Unlocking ADHD writer Constance Thum attended the fireside chat featuring the Founder of Unlocking ADHD to find out the personal side of ADHD
On August 3, 2021, Jancy Chua-Nugroho of A Special Door, sat down with Moonlake Lee, the founder of Unlocking ADHD, to have a heartfelt conversation about ADHD. During the one hour Tune in Tuesday session, Moonlake shared important takeaways on how an ADHD diagnosis changed her life and that of her daughter’s.
A Personal Journey Recounted
A common trend is for ADHD to be first detected and diagnosed in children before parents themselves are diagnosed. Many parents are largely unaware of ADHD, only learning more about the condition and identifying with the symptoms after bringing their child to a professional. ADHD also has a genetic link, which means there is a likelihood that both parent and child may have ADHD.
Like Moonlake, individuals with undiagnosed or suspected ADHD may find themselves overwhelmed with many personal and professional commitments. Bringing up Dr Edward Hallowell’s observation that many people have ADHD traits, Moonlake emphasised that “a formal diagnosis is critical if ADHD symptoms are impairing your life.
Experience as an ADHD Parent
Moonlake’s daughter had previously fared poorly from an academic perspective. She was almost retained one year in school at the end of her Secondary Three year. If nothing changed, her academic and career options would have been rather limited. After being diagnosed with ADHD, Moonlake’s daughter was able to reconcile her perceived academic limitations with her actual intellectual potential. She did significantly better at school and even won some academic awards for the first time in 10 years.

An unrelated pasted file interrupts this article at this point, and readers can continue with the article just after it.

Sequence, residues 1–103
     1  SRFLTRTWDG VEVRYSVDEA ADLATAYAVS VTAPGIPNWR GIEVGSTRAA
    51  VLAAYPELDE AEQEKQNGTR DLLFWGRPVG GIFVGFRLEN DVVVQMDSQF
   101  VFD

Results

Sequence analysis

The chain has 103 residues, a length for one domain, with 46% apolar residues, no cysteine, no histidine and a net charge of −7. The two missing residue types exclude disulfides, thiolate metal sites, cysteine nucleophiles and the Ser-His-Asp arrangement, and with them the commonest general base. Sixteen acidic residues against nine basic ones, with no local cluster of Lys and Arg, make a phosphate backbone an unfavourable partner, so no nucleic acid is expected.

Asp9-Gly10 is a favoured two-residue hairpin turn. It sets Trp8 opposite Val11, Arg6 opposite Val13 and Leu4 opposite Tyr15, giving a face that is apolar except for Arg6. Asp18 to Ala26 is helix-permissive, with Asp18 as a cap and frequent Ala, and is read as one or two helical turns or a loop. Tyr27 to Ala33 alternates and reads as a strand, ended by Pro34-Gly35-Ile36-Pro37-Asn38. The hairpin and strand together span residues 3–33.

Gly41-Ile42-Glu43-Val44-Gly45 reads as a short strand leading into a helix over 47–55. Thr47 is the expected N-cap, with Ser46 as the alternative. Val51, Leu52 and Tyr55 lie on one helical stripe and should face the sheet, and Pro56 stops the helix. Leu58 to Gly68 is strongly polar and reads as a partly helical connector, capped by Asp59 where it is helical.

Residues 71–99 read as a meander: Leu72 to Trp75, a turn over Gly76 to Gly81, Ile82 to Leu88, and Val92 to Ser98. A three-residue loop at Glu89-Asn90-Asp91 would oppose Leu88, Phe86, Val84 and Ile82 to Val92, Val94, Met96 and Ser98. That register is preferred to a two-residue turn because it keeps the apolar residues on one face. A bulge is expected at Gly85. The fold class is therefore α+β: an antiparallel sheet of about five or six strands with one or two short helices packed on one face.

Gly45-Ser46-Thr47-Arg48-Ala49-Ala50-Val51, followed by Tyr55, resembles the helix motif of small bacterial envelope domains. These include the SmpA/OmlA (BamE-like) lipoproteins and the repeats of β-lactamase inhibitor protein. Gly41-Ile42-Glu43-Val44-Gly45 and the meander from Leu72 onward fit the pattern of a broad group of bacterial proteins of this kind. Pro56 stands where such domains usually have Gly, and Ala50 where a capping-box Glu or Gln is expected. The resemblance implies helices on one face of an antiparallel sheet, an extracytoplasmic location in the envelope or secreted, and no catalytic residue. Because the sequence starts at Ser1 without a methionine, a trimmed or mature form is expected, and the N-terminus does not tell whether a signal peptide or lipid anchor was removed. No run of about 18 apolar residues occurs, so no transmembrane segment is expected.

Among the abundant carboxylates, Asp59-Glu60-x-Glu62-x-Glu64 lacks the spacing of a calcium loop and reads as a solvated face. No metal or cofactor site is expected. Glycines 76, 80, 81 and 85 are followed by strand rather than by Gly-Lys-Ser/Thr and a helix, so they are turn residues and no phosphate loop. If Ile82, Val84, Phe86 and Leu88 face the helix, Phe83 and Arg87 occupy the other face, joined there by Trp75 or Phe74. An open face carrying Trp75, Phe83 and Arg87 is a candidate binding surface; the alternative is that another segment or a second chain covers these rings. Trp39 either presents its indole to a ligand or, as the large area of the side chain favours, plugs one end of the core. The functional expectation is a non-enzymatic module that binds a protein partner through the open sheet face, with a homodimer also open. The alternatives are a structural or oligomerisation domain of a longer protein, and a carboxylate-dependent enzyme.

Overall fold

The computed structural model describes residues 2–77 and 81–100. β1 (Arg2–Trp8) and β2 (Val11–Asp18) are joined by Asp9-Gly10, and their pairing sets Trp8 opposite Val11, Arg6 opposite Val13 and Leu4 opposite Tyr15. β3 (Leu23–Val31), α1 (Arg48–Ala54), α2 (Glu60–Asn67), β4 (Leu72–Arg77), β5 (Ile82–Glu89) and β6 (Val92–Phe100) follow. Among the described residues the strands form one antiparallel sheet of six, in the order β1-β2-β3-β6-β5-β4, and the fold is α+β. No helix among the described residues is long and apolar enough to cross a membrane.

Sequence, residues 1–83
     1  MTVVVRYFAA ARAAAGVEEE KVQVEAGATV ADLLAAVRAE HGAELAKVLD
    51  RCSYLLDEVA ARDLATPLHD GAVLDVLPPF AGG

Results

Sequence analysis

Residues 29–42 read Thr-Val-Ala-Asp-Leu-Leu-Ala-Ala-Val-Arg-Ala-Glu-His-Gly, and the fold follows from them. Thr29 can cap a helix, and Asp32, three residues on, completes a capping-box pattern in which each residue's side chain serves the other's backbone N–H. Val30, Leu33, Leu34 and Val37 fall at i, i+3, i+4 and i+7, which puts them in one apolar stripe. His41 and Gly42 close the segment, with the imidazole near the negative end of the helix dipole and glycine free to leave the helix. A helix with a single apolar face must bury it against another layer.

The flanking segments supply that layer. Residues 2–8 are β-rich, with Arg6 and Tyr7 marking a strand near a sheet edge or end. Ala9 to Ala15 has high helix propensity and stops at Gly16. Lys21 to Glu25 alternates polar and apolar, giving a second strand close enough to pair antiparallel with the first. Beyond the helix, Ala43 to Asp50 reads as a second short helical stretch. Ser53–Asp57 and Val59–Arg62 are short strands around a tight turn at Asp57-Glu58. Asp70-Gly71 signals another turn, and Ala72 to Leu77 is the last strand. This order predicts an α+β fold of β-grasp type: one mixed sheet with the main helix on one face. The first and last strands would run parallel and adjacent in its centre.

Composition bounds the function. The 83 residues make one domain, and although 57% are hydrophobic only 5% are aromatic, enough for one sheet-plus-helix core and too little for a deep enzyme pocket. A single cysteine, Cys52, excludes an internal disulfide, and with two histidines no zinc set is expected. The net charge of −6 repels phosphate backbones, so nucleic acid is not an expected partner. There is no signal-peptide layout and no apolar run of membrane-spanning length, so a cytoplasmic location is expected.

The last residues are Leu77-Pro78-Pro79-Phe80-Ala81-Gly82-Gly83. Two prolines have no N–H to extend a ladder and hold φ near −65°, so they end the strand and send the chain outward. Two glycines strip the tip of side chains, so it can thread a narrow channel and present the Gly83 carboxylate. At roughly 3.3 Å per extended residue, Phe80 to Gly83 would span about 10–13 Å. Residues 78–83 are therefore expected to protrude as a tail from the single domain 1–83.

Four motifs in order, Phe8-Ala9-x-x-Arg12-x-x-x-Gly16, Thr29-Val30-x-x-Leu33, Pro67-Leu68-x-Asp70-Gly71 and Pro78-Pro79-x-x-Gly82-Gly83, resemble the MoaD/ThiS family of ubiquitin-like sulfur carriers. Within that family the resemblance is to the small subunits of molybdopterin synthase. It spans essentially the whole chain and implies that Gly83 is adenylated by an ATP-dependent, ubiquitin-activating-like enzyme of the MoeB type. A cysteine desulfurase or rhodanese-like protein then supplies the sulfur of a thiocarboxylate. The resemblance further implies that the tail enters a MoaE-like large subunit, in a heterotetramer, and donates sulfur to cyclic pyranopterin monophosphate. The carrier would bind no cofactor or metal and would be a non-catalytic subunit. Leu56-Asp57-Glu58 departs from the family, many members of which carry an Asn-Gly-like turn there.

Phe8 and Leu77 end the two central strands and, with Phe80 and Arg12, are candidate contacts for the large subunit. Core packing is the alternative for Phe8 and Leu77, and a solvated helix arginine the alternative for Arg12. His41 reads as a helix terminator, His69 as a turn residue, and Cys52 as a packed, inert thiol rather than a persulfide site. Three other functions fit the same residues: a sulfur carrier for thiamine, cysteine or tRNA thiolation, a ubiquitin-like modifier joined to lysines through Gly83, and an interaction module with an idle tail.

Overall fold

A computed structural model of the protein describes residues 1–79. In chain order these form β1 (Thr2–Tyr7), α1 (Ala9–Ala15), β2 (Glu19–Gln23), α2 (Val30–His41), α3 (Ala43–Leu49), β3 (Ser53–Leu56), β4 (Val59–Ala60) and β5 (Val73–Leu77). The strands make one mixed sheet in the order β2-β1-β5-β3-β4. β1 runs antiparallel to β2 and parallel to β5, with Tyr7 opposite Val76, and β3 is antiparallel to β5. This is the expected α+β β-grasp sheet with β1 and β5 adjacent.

Less than 3 years after her diagnosis, her daughter has received a conditional offer to study dentistry in the UK and is waiting for her exam results to see if she can secure her offer. Moonlake’s daughter’s trajectory had dramatically changed with a diagnosis of her condition, and with support from her healthcare professionals, school, friends and family. It literally takes a village to raise a child, which is why having a supportive community is so important.
Experience as an ADHD Adult
Besides changing one’s life trajectory, the empathy and understanding that may come with a diagnosis can improve relationships by “giving context to the way ADHDers do things”.
Rather than denying or avoiding the condition, Moonlake likewise encourages individuals to get diagnosed and to accept ADHD as part of their life rather than having perpetual feelings of failure, confusion, and anxiety by remaining unaware of the condition.
Three most important learnings
- Relationship: The most important and fundamental strategy to managing your child, ADHD or not, is to build on the parent-child relationship. Building on the relationship before your child’s puberty years is important as that is the age when the parent child relationship comes under a lot of pressure. A close relationship and established trust can help the family tide through uncertainties in life.